This story actually begins in 1999. Some of you may be shaking your heads and wondering what event could have possibly occurred in 1999 that might have any relevance to Foreign Service life; much less an event that happened 10 years ago. Well, life has many twists and turns and sometimes those connections reveal themselves many years later. Such is the case in this story.
Some of you know that in 1999, I moved back to the U.S. after having lived the past two years in Germany. At that time the following events took place simultaneously: my marriage ended, my oldest daughter returned to college at A&M, my middle child started college in Pennsylvania, my youngest child started her third year of high school, I started college, and I was working full time trying to make ends meet. Needless to say, I was a bit stressed out. I read some physiological chart a while back that has you identify key events that cause stress in your life and after you list your "life changes" it tallies your score in the stress department. My score was so high I probably should have checked into Shoal Creek Healthcare Facility, or given it all up to eat bon bons on the sofa. I did neither, and it was at this time that I met Joan. I'm a fairly regular church goer (I remain Catholic despite all the people from my generation who gave up their religion long ago), and one Sunday Joan noticed me and came up to say hello. In all fairness to the story, Joan came up to me not only to say hello, but also something like, "Are you alright?" She said this because I had been crying. With all the changes going on in my life, I tried to be strong for everyone else, but church was the one place I allowed myself to break down and fall apart. Maybe I thought God would not mind if I showed my true feelings; feelings of despair and anxiety and fear. I think Joan saw this in me and walked over to say hello. I'm sure she got a lot more for her hello than she bargained for, but I was glad for the company. I felt totally alone at that point in my life and she reached out to me in a way that I knew at least one person noticed my struggle and cared about me. She gave me her phone number but I must confess I was too shy with all my troubles to call her. We saw each other at church and each week she asked how I was. I felt so glad for those meetings. Nine years later when I left Austin to take this job with the Foreign Service, Joan and I exchanged emails and promised to keep in touch. Eventually I gave her the address for this Blog, and she follows it faithfully--even emailing me her comments from time to time.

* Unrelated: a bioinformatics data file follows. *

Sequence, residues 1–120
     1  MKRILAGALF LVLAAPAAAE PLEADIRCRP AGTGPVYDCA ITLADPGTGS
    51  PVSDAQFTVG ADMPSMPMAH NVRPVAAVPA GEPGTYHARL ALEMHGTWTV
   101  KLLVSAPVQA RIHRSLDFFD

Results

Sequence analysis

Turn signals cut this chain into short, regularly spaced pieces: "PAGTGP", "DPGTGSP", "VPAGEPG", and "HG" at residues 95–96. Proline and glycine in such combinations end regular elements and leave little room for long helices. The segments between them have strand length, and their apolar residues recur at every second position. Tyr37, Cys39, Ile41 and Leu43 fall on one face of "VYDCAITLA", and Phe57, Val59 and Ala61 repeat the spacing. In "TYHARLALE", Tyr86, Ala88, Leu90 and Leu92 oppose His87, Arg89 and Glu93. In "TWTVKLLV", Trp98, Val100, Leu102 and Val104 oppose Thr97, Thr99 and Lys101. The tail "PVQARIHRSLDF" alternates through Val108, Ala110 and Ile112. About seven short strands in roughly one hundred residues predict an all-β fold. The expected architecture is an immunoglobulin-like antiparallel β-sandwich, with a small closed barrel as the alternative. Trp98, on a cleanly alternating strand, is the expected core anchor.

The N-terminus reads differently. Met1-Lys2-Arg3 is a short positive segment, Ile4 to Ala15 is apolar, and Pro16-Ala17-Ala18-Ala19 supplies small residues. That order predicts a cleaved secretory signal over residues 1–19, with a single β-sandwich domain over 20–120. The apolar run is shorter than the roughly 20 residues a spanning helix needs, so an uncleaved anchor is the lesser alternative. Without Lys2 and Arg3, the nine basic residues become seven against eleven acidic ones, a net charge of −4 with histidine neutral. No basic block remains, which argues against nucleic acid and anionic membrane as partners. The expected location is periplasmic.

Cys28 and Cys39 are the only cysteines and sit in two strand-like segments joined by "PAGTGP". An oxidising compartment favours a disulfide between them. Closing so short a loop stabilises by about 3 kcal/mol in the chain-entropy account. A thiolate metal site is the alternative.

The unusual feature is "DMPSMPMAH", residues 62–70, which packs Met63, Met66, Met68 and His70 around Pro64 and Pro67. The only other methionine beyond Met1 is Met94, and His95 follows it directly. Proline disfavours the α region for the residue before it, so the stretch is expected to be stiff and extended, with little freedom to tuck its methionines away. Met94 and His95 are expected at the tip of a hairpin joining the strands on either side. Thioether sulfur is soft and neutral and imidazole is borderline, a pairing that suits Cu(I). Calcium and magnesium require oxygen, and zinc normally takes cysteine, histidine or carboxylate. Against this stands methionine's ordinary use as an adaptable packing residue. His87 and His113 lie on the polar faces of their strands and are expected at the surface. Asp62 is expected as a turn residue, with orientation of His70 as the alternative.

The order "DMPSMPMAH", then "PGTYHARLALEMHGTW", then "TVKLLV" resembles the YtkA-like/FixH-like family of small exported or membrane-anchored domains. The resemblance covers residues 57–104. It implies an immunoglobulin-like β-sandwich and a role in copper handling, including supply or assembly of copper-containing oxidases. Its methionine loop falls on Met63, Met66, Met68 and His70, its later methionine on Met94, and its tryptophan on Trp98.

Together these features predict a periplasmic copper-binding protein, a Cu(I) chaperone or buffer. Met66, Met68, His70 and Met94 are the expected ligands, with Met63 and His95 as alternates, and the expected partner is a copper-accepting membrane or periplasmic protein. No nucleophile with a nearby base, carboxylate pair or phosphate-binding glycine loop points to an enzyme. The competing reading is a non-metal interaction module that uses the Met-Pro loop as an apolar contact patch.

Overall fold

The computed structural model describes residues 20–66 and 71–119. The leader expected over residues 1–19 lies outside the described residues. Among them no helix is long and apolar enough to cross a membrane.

About a month ago, I got an email from Joan. She knew someone who was coming to Sierra Leone and she asked if it might be possible for us to meet. I said yes immediately and she gave me the email for "Erin." It turns out that Erin is the best friend of Joan's daughter, Sarah. Erin and I exchanged details and I offered to have her stay with me while she was in Freetown. She arrived Thursday evening and went upcountry (the term for "up to the primitive areas") for the next two days. On Saturday afternoon, she came to my house and we met for the first time. She was really nice and we got along great. We went running on the beach, and then came back for a shower. She said it was the first hot shower she had had in two weeks; as she had spent the past 10 days on a mission trip with Young Life in Liberia. I took her to an Embassy Happy Hour that evening and she met people from all over the world. The next morning I made waffles and fresh coffee and we sat around the table like family. Later on, I took her to the Tacugama Chimpanzee Sanctuary and she got to see the chimps and all the good work that Bala is doing. On the way home we stopped for fresh bread and she shopped for trinkets on the side of the road. We had a great time and she made me realize something very important; that this really is my home now. Seeing Freetown through Erin's tourist eyes made me understand how comfortable I have become here. I have a pretty good command of the Krio language and I can talk to the local people in their own dialect. I know how to drive in this crazy place. I know where to find the good bread. I'm not afraid to walk the streets and I can bargain shop with the best of them. I really like living here, experiencing the rich culture of Freetown and being with Erin reminded me of this. She kept thanking me for all I have done for her, but really I wanted to thank her for showing me how far I've come.
So thank you Joan for being my friend when I really needed one. (And I hope you didn't mind that I told your story here). Thank you Erin for trusting some random acquaintance of your best friends Mom (me) because it was great meeting you. Thank you God for the experience of being in Sierra Leone.
Life is what you make it. Make it good.